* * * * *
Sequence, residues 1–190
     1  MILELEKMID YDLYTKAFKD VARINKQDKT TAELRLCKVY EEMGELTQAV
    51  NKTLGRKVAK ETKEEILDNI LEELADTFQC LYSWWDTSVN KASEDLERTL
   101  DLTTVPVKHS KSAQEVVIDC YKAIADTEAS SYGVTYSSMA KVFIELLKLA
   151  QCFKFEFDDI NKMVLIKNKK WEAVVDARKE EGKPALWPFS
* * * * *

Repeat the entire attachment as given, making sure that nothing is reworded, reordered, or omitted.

Sequence, residues 1–190
     1  MILELEKMID YDLYTKAFKD VARINKQDKT TAELRLCKVY EEMGELTQAV
    51  NKTLGRKVAK ETKEEILDNI LEELADTFQC LYSWWDTSVN KASEDLERTL
   101  DLTTVPVKHS KSAQEVVIDC YKAIADTEAS SYGVTYSSMA KVFIELLKLA
   151  QCFKFEFDDI NKMVLIKNKK WEAVVDARKE EGKPALWPFS